Azerbaijan Suspends Traffic On Sole Road To Nagorno-Karabakh Due To 'Contraband'

Azerbaijan says it has suspended traffic through the Lachin Corridor, temporarily closing the only route linking Armenia to Nagorno-Karabakh after accusing the Armenian Red Cross of smuggling goods into the breakaway region.

Azerbaijan's State Border Service said on July 11 that traffic through the checkpoint has been suspended pending an investigation after "various types of contraband" had been discovered in the Red Cross vehicles coming from Armenia. Articles being transported included mobile phones, spare parts for phones, cigarettes, and gasoline, it claimed.

The International Committee of the Red Cross (ICRC) denied the allegations in a statement, saying none of the vehicles under its control was involved in smuggling.

"No unauthorized material has been found in any vehicle belonging to the ICRC. All cargo is subject to customs checks by the Republic of Azerbaijan," the ICRC statement said.

"However, we regret that without our knowledge four hired drivers tried to transport some commercial goods in their own vehicles which were temporarily displaying the ICRC emblem. These individuals were not ICRC staff members and their service contracts were immediately terminated by the ICRC," the statement said, adding that the ICRC work in the region remains "strictly humanitarian."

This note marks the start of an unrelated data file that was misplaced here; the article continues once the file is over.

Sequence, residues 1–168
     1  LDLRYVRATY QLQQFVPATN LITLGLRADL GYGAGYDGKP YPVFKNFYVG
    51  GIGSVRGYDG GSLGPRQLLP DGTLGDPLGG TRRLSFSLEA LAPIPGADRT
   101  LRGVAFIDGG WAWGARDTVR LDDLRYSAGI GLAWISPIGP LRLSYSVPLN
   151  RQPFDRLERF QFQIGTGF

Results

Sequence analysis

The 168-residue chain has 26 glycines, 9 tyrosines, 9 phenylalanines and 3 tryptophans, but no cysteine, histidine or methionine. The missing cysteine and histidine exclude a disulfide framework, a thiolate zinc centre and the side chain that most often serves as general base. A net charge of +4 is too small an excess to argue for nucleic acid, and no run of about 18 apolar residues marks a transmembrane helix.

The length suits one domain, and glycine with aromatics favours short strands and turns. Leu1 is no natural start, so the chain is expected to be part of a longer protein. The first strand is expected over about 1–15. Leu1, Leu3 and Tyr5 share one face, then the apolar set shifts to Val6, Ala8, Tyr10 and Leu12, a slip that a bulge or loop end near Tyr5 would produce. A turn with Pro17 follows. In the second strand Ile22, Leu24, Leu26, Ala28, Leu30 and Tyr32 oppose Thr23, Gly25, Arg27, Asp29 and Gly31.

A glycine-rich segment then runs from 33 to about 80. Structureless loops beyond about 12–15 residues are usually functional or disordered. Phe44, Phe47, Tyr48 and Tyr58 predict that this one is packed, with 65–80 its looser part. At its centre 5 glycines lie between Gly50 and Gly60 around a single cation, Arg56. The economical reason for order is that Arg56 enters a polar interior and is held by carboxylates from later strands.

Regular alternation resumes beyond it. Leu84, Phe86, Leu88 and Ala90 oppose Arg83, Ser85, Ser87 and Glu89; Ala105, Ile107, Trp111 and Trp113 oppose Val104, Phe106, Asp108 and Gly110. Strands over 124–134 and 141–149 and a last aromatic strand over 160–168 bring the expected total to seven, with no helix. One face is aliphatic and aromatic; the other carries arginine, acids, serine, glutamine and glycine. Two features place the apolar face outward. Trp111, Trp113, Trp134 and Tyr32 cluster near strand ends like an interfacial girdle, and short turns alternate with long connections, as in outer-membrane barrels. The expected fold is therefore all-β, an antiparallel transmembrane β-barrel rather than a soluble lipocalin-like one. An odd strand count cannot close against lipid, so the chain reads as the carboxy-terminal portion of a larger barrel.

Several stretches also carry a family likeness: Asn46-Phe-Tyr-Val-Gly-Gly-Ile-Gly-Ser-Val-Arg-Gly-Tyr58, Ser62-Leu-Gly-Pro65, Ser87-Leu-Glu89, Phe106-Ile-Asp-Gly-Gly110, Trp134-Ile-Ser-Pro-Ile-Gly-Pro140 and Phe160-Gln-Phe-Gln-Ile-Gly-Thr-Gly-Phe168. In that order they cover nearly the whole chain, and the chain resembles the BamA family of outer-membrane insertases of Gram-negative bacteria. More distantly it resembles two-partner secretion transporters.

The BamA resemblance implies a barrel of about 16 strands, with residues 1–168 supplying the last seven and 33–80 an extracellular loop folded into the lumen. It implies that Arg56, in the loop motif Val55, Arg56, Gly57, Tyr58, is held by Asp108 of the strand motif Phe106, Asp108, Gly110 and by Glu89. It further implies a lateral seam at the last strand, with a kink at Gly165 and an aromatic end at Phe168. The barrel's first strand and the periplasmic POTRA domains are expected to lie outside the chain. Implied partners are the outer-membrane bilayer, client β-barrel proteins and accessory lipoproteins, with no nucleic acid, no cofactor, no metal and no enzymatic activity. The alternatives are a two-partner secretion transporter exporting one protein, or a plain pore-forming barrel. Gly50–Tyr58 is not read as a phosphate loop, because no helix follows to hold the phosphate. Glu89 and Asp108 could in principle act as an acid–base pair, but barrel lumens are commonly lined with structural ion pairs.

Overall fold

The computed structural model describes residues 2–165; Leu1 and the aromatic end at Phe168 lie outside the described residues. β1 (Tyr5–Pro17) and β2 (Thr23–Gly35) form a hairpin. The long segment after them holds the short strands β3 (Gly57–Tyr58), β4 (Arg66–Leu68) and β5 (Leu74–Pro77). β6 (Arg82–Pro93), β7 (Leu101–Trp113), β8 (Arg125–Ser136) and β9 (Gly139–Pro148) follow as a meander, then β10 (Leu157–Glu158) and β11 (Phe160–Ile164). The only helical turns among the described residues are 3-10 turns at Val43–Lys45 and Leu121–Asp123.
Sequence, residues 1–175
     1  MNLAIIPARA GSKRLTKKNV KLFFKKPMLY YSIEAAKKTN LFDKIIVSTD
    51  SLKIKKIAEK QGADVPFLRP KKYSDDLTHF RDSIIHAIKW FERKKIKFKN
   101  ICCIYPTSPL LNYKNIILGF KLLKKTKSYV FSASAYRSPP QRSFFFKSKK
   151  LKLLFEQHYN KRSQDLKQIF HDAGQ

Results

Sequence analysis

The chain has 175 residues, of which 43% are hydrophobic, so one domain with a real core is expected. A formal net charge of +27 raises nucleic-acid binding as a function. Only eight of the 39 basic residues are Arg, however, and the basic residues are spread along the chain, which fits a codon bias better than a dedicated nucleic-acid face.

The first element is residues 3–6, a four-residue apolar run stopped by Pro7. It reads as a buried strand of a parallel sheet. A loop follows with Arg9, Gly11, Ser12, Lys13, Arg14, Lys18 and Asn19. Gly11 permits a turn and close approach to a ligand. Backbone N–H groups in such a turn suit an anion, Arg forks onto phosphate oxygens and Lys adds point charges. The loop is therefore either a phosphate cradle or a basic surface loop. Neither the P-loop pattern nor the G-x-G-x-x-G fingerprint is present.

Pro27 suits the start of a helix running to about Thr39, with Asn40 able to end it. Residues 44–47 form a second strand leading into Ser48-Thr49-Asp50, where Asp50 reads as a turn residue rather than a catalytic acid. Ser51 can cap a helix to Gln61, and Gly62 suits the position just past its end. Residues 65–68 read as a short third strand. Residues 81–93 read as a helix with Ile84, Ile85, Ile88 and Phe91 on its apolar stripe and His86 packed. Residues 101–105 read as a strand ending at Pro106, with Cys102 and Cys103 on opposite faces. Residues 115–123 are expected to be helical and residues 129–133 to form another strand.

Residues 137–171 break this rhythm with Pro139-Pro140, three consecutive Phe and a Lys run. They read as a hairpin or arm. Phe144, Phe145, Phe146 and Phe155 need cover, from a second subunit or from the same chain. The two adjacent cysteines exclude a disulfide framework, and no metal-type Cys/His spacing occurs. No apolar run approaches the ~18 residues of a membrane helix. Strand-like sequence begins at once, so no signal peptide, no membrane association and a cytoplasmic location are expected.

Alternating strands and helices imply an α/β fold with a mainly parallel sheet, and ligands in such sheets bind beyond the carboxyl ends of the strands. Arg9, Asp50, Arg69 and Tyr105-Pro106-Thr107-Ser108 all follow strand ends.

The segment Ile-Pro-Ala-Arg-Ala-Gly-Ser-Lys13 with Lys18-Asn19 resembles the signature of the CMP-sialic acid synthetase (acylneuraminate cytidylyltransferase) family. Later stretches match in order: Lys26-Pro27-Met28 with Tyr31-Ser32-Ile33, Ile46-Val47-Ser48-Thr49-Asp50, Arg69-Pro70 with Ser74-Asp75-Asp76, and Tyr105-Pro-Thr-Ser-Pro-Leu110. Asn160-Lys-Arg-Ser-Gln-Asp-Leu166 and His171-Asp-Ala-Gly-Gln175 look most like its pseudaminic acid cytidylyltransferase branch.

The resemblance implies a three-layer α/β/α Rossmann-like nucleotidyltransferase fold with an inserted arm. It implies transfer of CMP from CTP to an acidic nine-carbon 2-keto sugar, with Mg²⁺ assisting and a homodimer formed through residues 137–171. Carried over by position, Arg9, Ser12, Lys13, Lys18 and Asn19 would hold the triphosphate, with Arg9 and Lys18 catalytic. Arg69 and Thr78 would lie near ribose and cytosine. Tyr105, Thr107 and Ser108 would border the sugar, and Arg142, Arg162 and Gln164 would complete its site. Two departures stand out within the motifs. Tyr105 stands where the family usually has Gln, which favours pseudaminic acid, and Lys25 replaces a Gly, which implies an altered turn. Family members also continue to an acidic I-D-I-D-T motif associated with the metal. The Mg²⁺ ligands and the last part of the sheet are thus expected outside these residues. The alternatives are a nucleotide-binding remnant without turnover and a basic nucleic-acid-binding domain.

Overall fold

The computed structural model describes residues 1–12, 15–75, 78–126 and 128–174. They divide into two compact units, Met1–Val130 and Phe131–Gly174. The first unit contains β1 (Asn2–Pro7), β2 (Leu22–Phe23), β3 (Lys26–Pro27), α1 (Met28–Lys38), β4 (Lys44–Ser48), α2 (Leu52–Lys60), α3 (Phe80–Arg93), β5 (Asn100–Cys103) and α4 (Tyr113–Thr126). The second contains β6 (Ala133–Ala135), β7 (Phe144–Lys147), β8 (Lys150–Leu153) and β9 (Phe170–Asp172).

Armenia and Azerbaijan have been locked in a conflict over Nagorno-Karabakh since the early 1990s, when some 30,000 people were killed in a war that left ethnic Armenians in control of the predominantly Armenian-populated region that is internationally recognized as part of Azerbaijan.

The simmering conflict led to another war in 2020 in which nearly 7,000 soldiers were killed on both sides and which ended with a Russian-brokered cease-fire and the deployment of some 2,000 Russian troops as peacekeepers.

Sporadic fighting and loss of life have persisted despite the cease-fire and the presence of Russian troops.

Azerbaijani protesters identifying themselves as environmentalists have blocked a section of the road since December 12 and are demanding Baku be allowed to inspect “illegal” ore mines in Karabakh.

Azerbaijani officials have insisted they are not encouraging the protesters -- though they have not moved to force them out -- and say the road has been open for humanitarian cargo, emergency services, and peacekeepers.

Baku in April raised tensions further when it installed a checkpoint at the start of the Lachin Corridor despite a decision by the International Court of Justice -- the UN's top judicial body -- which had ordered Baku in February to ensure the free movement of goods and vehicles on the road.

Armenia has accused Baku of instituting a blockade of Nagorno-Karabakh, despite Azerbaijan insisting it was not hampering the free movement through the Lachin Corridor.

Baku said at the time that the checkpoint had been established in order to prevent the smuggling of weapons and other illegal goods into Nagorno-Karabakh.